Clients generally use a best-effort strategy in requesting streamlets from peers in a local network. Even though a peer appears to have the desired streamlets as reported by metadata, the peer may still reject the streamlet request for several reasons. The specific peer may have become saturated with requests or the desired streamlet may have already been dumped out of the cache before the metadata removal message reached the content requestor. The requesting client then has to contact an alternative repository, which can eventually be the origin web server as the last resort.

The initial transfer of metadata on connection to the hierarchal tree gives an incoming client a complete map of all streamlets on the network. In the case where responding clients include their full knowledge of the metadata when they accept new connections, the amount of data for such responses may constitute a significant percentage (e.g., above 20%) of the total data transmitted under a high transient rate setting (e.g., over 60% quit rate).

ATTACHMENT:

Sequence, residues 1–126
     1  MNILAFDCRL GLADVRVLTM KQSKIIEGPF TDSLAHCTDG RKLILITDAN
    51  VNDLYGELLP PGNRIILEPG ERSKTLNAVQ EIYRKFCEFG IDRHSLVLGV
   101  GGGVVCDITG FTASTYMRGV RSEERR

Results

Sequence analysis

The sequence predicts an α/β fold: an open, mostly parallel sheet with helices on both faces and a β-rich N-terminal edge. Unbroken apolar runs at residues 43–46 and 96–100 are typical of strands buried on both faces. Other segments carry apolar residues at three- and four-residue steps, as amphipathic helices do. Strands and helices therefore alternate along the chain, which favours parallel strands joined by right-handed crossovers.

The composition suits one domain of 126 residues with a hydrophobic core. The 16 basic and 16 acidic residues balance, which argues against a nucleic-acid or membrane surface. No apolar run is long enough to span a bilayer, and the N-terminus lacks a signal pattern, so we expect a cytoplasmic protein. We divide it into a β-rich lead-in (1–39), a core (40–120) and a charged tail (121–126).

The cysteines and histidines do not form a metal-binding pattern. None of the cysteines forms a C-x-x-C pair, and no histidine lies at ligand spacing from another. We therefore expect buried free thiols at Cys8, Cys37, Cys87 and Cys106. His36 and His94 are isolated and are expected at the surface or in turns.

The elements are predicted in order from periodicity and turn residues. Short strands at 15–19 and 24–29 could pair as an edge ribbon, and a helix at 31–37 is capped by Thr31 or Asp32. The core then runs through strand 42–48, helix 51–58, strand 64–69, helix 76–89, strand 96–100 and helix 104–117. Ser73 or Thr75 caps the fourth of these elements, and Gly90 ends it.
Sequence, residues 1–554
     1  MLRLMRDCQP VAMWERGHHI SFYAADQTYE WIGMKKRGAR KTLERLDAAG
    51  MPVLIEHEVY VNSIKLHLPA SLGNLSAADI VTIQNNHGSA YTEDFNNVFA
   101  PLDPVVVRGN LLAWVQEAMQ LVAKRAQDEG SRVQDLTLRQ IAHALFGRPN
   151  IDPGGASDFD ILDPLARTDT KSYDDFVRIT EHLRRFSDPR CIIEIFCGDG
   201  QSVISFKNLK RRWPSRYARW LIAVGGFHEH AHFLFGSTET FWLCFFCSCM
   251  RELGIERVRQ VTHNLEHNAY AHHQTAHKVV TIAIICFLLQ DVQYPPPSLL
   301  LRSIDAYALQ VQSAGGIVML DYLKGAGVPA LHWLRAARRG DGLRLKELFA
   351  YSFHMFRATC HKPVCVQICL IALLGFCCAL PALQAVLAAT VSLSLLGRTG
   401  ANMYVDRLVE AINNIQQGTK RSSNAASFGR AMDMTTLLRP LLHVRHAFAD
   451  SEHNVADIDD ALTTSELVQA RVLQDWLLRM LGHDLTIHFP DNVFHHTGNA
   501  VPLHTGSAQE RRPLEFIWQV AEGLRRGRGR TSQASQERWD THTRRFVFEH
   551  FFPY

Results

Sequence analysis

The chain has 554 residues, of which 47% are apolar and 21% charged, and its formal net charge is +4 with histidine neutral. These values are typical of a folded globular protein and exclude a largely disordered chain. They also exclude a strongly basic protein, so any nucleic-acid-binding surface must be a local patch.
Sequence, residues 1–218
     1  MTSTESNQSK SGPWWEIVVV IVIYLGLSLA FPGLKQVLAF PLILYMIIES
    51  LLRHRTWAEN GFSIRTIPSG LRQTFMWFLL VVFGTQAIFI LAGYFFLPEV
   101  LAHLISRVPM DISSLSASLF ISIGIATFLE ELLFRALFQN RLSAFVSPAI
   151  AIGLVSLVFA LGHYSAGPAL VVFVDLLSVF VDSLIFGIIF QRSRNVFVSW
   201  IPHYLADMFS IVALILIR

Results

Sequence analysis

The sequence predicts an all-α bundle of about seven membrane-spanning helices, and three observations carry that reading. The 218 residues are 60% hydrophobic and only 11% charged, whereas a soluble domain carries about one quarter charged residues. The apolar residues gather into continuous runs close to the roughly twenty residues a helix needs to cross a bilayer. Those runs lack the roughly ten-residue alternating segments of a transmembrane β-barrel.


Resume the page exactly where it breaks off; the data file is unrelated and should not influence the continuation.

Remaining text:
There are a number of embodiments that can help reduce the percentage of metadata that is transferred across the network in an initial metadata transfer. In one embodiment, the clients flush their buffers at selected intervals. Otherwise, the cumulative size of metadata transmitted becomes a significant overhead. If clients flush their local cache regularly, this communication overhead can be effectively reduced.

In another configuration, the amount of metadata that a responding client sends to a connecting client can be limited. Rather than sending the metadata file to a requesting client, the clients can include just a subset of metadata that best matches the content ID that may be specified in the connection request broadcast or a subset of the responding client's metadata that contains the most recently updated metadata.

Priority Policy Rule